Australian fashion brands exploiting workers exposed

Australian Fashion Report 2015 available from Baptist World Aid website www.baptistworldaid.org.au.
Australian Fashion Report 2015 available from Baptist World Aid website www.baptistworldaid.org.au.

The 2015 version of The Australian Fashion Report and accompanying Ethical Fashion Guide are now available to download from the Baptist World Aid website.

First published in 2013 after the Rana Plaza factory collapse in Bangladesh, the new report evaluated an additional 90 fashion brands available for purchase in Australia. Each was reviewed in terms of workers rights, monitoring & training, traceability & transparency and policies.

Two thirds of brands that were also evaluated in 2013 have improved their practices, however, many of Australia’s fast fashion brands have some way to go.

Baptist World Aid advocacy manager Gershon Nimbalker was interviewed for ABC radio this morning.

“Brands like the Just Group or Best and Less and Lowes, or some fast fashion brands like Industrie, Ally and Temt, Valley Girl – all not doing that well at all and we can’t see a lot of evidence that they were taking much action to make sure that their workers weren’t part of a forced labour system or child labour or just being paid terrible poverty-level wages,” Gershon said.

Those that rated the most poorly overall are:

  • Ally Fashion (Ally)
  • Apparel Group (JAG, Saba, Sportscraft, Willow)
  • Fast Future Brands (Mirrou, Temt, Valleygirl)
  • Glassons (Glassons)
  • Just Group (Dotti, Jacqui E, Jay Jays, Just Jeans, Peter Alexander, Portmans, Smiggle)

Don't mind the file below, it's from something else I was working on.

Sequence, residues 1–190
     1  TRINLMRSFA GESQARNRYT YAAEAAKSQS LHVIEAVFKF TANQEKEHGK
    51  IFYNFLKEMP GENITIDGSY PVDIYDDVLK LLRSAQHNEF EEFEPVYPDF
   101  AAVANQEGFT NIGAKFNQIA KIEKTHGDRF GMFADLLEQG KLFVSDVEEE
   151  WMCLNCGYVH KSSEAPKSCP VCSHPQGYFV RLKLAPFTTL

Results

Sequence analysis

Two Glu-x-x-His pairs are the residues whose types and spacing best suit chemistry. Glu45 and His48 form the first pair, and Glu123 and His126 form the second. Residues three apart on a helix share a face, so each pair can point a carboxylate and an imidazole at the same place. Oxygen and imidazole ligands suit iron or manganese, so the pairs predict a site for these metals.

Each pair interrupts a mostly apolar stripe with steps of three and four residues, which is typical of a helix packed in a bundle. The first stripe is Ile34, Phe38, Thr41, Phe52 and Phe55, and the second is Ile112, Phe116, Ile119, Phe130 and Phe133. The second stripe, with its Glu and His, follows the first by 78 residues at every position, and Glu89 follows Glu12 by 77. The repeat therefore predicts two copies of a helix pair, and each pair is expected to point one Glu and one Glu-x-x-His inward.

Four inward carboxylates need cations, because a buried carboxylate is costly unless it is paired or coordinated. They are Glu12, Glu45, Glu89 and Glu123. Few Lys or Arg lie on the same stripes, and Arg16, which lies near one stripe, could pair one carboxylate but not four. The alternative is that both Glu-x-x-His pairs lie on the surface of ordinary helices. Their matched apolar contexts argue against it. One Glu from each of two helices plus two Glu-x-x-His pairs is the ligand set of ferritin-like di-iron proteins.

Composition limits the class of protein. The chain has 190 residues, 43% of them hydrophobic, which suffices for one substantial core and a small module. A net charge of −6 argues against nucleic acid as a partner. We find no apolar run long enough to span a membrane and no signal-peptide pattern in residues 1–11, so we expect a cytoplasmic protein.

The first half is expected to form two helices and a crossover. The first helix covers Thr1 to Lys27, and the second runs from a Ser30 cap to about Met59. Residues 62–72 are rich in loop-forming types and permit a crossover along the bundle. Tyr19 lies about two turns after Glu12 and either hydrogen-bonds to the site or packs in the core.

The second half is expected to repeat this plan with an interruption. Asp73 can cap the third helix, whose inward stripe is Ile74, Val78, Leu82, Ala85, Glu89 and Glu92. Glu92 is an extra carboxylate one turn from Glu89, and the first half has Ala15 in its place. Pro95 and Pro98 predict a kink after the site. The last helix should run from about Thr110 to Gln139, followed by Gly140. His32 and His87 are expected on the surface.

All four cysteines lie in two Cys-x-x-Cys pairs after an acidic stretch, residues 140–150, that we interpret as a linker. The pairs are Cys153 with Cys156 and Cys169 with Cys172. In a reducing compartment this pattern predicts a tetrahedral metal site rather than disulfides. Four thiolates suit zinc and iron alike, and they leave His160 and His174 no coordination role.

• Lowes (Beare & Ley, Lowes)
  • Playcorp (A League, AFL, Aquasport, Blueprint, Boomdoggers, French Kitty, Globalocal, Hi There by Karen Walker, Itsu, Jimmi Jams, Ladybird, Milly, NRL, Paperdolls, PlayCorp Apparel Purr, Wayne Cooper, Wiggles)
  • Pretty Girl Fashion Group (BeMe, Rockmans, Table Eight, W. Lane)
  • The PAS Group Limited (Blackpepper, Breakaway, Equus, Marco Polo, Metalicus, Review, Yarra Trail, Yvonne Black)
  • Voyager Distributing Co (Anthea Crawford, Jump, Kachel, Thurley)
  • Webster Holdings (David Lawrence, Jigsaw, Marcs).

Those that achieved the best scores overall are:

I was personally surprised that Lululemon Athletica rated as well as it did, as I have been critical of that brand on this blog in the past.

When searching for ethical fashion, Ethical Clothing Australia is another good source of information. It accredits brands that manufacture ethically in Australia.

All products for sale at our Evolution Emptor store are also sustainably made, without harm to people, animals or the environment. Most are made by small Australian businesses as passionate about sustainability as we are, so check that out too.

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